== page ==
Multiple chronic diseases threaten life expectancy
Life expectancy is continuing to increase in the United States but at a slower rate – possibly due to the increasing number of seniors living with multiple chronic medical conditions, a side effect of living longer, according to a new study from the Johns Hopkins Bloomberg School of Public Health.
“Living with multiple chronic diseases such as diabetes, kidney disease and heart failure is now the norm and not the exception in the United States,” said lead author of the report Dr. Eva H. DuGoff in a news release. “The medical advances that have allowed sick people to live longer may not be able to keep up with the growing burden of chronic disease. It is becoming very clear that preventing the development of additional chronic conditions in the elderly could be the only way to continue to improve life expectancy.”
Researchers analyzed the records of about 1.4 million beneficiaries enrolled in Medicare who were 67 and older and living with 21 chronic conditions, including Alzheimer’s, cancer and diabetes.
The findings showed living with only one chronic condition reduces life expectancy by a minimal amount, but for every additional condition, life expectancy is reduced by 1.8 years, according to a news release.
“The balancing act needed to care for all of those conditions is complicated, more organ systems become involved as do more physicians prescribing more medications,” said Senior author Dr. Gerard F. Anderson, in a news release. “Our system is not set up to care for people with so many different illnesses. Each one adds up and makes the burden of disease greater than the sum of its parts.”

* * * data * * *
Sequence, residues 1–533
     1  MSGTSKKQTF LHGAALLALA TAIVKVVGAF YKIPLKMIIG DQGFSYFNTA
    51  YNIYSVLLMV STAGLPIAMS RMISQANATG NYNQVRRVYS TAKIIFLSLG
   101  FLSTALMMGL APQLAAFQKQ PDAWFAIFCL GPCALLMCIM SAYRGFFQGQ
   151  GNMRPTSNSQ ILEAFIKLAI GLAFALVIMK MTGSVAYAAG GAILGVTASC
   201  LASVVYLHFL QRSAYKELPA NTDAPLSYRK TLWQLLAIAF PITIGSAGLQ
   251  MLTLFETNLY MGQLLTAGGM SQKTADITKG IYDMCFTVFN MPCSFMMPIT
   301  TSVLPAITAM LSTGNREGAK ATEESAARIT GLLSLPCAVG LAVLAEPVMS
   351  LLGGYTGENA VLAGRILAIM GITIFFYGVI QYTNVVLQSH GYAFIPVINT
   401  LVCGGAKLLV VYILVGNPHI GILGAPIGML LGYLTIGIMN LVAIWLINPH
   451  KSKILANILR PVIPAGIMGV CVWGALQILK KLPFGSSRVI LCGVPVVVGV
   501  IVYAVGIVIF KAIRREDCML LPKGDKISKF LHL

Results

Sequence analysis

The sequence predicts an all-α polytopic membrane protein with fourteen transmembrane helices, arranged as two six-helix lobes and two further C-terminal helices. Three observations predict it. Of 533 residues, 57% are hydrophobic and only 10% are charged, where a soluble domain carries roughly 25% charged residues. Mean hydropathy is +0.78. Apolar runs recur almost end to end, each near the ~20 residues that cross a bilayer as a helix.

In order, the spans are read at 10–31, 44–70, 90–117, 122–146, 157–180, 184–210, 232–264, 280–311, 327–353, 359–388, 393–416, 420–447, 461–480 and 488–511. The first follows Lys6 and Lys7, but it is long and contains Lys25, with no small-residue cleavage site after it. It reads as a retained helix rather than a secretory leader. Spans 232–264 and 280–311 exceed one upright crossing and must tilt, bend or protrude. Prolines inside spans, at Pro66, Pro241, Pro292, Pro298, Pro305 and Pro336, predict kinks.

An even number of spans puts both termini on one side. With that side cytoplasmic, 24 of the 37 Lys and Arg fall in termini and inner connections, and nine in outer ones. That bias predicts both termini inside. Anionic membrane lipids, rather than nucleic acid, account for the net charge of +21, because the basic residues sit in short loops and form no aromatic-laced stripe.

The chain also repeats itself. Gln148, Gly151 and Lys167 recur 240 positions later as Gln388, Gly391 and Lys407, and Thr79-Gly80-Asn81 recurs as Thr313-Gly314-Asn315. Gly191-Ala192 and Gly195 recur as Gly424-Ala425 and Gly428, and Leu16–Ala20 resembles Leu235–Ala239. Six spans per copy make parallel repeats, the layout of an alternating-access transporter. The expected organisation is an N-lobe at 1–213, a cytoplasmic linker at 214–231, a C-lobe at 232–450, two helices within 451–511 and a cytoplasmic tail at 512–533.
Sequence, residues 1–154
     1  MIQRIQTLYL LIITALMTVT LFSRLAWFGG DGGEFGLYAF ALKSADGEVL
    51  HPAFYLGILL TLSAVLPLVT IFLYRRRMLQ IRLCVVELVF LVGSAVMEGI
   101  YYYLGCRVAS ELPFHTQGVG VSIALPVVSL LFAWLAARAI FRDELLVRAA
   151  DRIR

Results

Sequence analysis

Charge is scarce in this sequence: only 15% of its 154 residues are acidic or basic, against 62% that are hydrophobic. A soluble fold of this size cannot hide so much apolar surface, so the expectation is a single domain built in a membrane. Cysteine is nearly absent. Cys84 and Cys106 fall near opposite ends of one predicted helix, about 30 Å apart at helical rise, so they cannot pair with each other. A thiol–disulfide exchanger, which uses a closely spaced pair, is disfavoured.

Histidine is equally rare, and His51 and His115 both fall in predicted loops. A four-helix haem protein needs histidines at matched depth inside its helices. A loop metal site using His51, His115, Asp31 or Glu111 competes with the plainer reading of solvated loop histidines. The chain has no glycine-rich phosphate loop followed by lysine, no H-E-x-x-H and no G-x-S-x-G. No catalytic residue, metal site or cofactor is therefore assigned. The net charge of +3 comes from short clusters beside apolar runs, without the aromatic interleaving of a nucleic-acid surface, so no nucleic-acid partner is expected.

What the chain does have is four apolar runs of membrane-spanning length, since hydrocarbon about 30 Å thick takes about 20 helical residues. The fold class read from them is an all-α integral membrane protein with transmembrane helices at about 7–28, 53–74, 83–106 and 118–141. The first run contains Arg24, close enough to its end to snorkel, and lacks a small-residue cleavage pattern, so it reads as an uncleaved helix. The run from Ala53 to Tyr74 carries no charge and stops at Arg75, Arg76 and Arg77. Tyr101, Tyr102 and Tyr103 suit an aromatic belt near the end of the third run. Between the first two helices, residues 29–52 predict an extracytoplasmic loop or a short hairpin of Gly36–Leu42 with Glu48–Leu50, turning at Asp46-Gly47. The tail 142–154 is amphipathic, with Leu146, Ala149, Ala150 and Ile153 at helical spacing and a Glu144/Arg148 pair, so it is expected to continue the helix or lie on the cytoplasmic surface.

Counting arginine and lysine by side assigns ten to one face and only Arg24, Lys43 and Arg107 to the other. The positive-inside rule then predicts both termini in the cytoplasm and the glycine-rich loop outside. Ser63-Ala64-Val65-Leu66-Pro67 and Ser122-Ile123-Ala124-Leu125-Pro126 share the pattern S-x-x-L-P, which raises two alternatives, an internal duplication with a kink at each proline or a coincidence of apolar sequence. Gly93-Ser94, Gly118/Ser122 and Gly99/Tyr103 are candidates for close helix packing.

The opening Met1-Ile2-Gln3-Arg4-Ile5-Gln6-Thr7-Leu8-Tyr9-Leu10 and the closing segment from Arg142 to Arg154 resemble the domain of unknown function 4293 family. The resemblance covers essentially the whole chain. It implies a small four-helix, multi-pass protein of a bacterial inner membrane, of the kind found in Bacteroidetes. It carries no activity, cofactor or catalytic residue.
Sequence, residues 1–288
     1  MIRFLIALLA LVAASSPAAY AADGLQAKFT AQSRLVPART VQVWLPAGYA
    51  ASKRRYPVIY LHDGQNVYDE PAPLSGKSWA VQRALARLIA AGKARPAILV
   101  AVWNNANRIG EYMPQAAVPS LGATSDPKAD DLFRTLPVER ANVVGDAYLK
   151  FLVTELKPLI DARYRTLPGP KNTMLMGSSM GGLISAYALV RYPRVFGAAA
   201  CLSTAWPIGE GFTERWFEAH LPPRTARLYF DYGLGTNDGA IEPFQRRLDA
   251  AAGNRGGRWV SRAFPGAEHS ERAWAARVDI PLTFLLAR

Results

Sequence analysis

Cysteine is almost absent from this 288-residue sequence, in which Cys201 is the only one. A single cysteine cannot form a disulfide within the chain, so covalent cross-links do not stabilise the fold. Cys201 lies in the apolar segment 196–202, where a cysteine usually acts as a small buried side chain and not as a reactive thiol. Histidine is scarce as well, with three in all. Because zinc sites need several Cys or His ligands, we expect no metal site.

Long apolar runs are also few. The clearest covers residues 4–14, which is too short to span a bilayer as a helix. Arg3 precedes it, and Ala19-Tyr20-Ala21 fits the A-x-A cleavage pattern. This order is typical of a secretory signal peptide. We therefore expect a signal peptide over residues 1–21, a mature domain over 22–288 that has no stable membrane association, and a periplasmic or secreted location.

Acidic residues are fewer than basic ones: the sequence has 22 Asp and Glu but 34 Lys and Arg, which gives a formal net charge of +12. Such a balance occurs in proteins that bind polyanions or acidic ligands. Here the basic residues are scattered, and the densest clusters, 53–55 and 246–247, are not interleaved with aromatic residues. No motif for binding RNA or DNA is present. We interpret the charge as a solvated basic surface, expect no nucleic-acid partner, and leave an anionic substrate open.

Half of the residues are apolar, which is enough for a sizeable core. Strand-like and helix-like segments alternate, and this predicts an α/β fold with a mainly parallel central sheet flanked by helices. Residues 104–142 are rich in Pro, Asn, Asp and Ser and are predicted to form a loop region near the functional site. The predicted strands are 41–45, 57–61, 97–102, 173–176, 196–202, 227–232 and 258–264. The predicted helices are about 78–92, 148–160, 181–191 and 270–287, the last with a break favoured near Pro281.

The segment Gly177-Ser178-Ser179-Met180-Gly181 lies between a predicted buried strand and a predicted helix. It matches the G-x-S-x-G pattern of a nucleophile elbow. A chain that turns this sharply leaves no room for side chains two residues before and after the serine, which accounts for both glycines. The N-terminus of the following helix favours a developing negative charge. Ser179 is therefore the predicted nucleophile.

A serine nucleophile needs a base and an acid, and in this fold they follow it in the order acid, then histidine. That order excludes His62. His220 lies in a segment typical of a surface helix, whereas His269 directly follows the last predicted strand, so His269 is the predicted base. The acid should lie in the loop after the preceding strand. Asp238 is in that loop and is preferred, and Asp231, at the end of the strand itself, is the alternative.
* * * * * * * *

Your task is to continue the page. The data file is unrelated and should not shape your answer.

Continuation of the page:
According to the Centers for Disease Control and Prevention, about half of all adults, around 117 million people, are living with one or more chronic medical conditions, and one in four adults is living with two or more conditions. Additionally, in 2010, seven of the top 10 causes of death were chronic diseases, which included heart disease and cancer.
“One of the best ways to deal with multiple chronic diseases is to have a good primary care provider,” says Dr. William Rhoades, a geriatric specialist with Advocate Medical Group in Park Ridge, Ill. “A patient seeing multiple specialists and on multiple medications needs a physician to coordinate all that care.”
Dr. Rhoades said primary care physicians generally offer several services to aid in coordinating care, which include the following:
- Diagnosing undifferentiated illnesses
- Organizing care teams
- Managing populations
- Basing care relationships on shared decision-making
For more information about primary care physicians, click here.
About the Author
health enews staff is a group of experienced writers from our Advocate Health Care sites, also including freelance or intern writers.